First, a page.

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Kimberly has nearly 15 years of public relations experience in technology, parenting & family brands, business-to-business, consumer services, consumer packaged goods, food & beverage, health & fitness, travel and sports industries. She got her start in Chicago, IL working in-house at both companies like East Bank Club and cars.com and agencies Weber Shandwick and Ogilvy PR. She ventured on her own in 2006 and has since grown her company, Motion PR, to be one of the leading boutique firms in the city of Chicago.
Through the years, Kimberly has taken calculated risks to carefully grow her company in a downward economy. From slowly adding employees and carefully expanding office spaces, to carefully aligning with marketing partners and vendors, she’s learned a lot through the years of breaking through in the cut-throat PR world. In recent years, her agency has gone toe-to-toe with much bigger agencies and won new business, all the while adapting to the new forms of communication in social media, blogs, etc.
MO: Where did you find the confidence to start your own agency after being fired?
Kimberly: I actually got fired! I never had dreams of being my own boss, simply to stay in the PR field. I never dreamed I’d still be independent six years later. I am a self-proclaimed work-a-holic, though, and constantly think about bettering my agency and myself. I think my inner confidence comes from being very competitive with myself in business. I simply cannot fail at my career.
MO: What kinds of strategies do you use to keep a brands momentum going?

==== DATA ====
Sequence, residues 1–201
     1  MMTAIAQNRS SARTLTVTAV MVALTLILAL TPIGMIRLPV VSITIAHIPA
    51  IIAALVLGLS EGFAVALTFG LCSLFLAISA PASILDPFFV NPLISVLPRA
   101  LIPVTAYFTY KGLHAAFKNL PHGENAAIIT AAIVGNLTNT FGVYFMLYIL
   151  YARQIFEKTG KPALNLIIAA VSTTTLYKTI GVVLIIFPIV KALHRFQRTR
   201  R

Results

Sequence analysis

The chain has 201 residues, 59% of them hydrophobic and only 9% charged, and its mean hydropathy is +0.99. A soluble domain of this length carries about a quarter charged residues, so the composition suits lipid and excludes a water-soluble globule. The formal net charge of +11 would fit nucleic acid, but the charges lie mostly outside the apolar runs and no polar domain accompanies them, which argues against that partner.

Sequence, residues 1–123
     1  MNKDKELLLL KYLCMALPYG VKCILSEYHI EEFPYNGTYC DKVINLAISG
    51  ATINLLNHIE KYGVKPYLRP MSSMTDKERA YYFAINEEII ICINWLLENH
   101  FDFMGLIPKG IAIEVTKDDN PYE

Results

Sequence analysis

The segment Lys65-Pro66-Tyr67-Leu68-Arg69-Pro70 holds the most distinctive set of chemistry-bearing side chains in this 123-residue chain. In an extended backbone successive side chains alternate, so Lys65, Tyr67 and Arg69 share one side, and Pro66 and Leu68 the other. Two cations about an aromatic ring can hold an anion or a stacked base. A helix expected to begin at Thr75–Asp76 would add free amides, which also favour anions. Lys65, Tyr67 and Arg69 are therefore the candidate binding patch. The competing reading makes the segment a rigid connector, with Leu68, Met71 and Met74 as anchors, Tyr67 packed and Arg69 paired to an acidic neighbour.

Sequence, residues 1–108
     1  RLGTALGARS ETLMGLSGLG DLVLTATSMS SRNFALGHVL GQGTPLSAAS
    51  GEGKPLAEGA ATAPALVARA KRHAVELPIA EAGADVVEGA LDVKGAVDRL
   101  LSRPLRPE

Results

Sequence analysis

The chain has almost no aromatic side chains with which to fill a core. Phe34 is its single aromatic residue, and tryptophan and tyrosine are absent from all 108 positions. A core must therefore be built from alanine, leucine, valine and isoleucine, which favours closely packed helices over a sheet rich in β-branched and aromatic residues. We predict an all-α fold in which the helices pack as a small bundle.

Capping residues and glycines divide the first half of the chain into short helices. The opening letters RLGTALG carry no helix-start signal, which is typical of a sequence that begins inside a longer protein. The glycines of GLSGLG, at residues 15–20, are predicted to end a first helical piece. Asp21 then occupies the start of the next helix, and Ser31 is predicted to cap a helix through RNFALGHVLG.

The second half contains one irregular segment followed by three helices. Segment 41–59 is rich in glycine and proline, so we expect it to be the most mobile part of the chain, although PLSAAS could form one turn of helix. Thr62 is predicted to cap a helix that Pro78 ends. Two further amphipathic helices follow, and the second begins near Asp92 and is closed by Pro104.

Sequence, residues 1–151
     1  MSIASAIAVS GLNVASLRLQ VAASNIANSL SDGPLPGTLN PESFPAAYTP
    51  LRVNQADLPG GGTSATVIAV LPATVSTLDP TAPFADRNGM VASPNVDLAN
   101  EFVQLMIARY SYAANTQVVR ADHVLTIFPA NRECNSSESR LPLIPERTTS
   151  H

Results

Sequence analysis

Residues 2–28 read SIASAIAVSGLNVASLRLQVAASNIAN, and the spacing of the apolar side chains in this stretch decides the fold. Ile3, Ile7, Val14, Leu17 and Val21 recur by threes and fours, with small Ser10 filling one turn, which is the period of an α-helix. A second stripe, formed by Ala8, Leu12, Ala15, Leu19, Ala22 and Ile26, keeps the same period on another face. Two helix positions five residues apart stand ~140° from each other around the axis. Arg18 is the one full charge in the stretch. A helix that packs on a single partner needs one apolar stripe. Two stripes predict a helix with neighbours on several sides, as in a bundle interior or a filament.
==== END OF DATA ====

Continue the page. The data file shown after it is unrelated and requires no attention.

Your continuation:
Kimberly: Strategies constantly differ depending on the clients’ goals. I tend to develop strategies that ultimately matter to their bottom line, and it’s not always the obvious, traditional PR methods but things that take creative thinking. I also think of what worked for them and hasn’t worked in the past to help guide overall thinking.
MO: What are some tips on developing a great rapport and chemistry with clients?
Kimberly: I always try to put myself in my clients’ shoes and think about what is important to them. Similarly, I try to think about how my job and services matter to them and think of other ways to be a resourceful business colleague. I also try to develop a friendship and connection with them – it makes the job of both the PR person and the client more enjoyable and meaningful.
MO: What was the biggest lesson you learned while interning at Harley Davidson?
Kimberly: I was at Harley-Davidson when I was a Senior at Marquette University and I remember being upset about something at work. My supervisor gave me great advice, “Remove emotion and add logic.” I still think about that advice when I get charged about a client or a workplace issue; to take a step back and think of the logical, not emotional solution. Harley-Davidson is an absolutely wonderful company though and I always have admired how they stay relevant and fresh after 100+ years.
MO: What’s the most innovative campaign you’ve worked on this year?
Kimberly: This year I’ve worked on a lot of great campaigns this year and they are all my favorite. iGive.com always has unique concepts, ideas and promotions that keeps people interested. They’re also great at social media, especially Facebook and Pinterest. iGive.com has also been around since 1997 which I can certainly admire in the age of internet booms and busts.
MO: Have you had any mentors during the course of your career?
Kimberly : Absolutely, I look up to my Uncle Tony Gertz who has upheld a successful independent law practices for decades and still maintains an excellent reputation. He actually gave me my first job when I was a Freshman in college. I have many PR mentors, though, especially Dan Pooley who offers advice and has been kind to me through the years. On a similar vein, he gave me my first freelance gig, which I am forever grateful for.
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